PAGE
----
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For most artists, a quick trip to the local art supply store provides them with a one-stop-shop that gives them easy access to pretty much all of the art supplies that they need for their practices. But for Ace, sourcing art supplies requires a lot of sleuthing around in dank, dark and dusty electronic surplus stores and warehouses, hodgepodge hardware store basements, or on-line supplier websites in search of a treasure trove of antiquated circuit boards or bulk quantities of colourful capacitors, resistors, transistors, light emitting diodes or a plethora of other electronic related paraphernalia.
One source that Ace frequented prior to its closing in the Fall of 2015 was Active Surplus on Queen Street West in Toronto. This weird and wonderful store has a longstanding 50-year history and an intimate relationship with artists and art students from nearby Ontario College of Art and Design University. Professors would regularly send their students to comb the jam-packed warehouse-like shelves and narrow aisles for odd but fascinating materials to integrate into their art assignments. The staff at Active Surplus were incredibly knowledgeable and could give you the complete history and technical specifications and function of the most obscure gadget in the store.
Ace’s contact at the time was Graham Green, who was manager and buyer for Active Surplus, sourcing weird and wonderful inventory for the store. Graham knew exactly what lurked in every nook and cranny of the second floor walk up retail space. Each visit was always charged with excitement and anticipation that began with a greeting by the Active Surplus life-sized stuffed and tatty Gorilla, affectionately dubbed Professor Banana, who was habitually posed directly in front of the entrance to let customers know that the store was open for business. As with most of the unique stores that made Queen Street West a vibrant arts district, Active Surplus was just one more victim in a long line of closures due to gentrification.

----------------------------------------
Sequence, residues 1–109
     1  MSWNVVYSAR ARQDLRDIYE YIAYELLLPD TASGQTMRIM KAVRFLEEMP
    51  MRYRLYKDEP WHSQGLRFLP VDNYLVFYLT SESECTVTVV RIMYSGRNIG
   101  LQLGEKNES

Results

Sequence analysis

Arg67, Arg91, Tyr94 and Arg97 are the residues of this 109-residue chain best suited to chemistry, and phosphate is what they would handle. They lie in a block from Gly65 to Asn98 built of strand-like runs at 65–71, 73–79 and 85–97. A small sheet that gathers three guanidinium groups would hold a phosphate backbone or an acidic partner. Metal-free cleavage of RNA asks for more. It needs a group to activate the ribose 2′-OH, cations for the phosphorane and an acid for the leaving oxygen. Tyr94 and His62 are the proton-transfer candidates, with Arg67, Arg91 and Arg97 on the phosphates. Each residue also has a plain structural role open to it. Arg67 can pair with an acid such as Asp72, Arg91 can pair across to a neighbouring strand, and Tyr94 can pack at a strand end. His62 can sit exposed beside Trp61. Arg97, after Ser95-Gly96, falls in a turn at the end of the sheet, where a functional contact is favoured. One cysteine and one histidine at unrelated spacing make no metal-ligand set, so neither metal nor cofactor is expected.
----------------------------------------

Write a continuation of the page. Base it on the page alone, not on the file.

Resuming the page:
After Active Surplus closed, Graham Green and Imma Gobunquin mounted a pop-up exhibition titled “Active Surplus Electronics: A Group Exhibition” in Projector Gallery at 592 Markham Street to showcase former artist clients, whose work incorporated electronic components and Active Surplus inventory. The exhibition ran from November 9 to December 3, 2015 and included; Erin Ademoglu (Jeweller); Barry Ace (Mixed Media Artist); Eric Au (Custom Slingshots); Sheryl Dudley (Painter/Photographer); Peter Roth (Kinetic Sculptor); Steve Schnier (Puppeteer); Patrick Svilans (Kinetic Sculptor); and Eugen-Florin Zamfirescu (Painter/Photographer). The Active Surplus neon signage and Professor Banana the mascot gorilla were important icons and integral components to the exhibition.
Post Active Surplus, Graham Greene opened his first store inside the Ontario Science Centre in Toronto selling electronic supplies in support of the Science Centre’s robotics program. A year later he opened the Gorilla Store on Spadina Avenue in a shared space with Makerspace where he offered supplies, electronic components and support materials for workshops. In February 2020, Graham opened a new storefront at 609 College Street that is a hybrid model of educational materials, electronic components, plastics and metal supplies and workshop space. The Gorilla Store also had room for the installation of artwork. It also carried some of the same weird and wonderful inventory of its predecessor Active Surplus. Finally, in November 2023, Graham decided to closed the Gorilla Store and the brand merged into Canada Robotix.
Embedded and encoded in each one of Ace’s signature electronic component works lies this unique history of Active Surplus and the Gorilla Store.
The Gorilla Store (here)
The Gorilla Store keeps the spirit of Active Surplus alive in Toronto (here)
The Gorilla Store on Twitter (here)
Toronto’s Active Surplus closing (CBC video)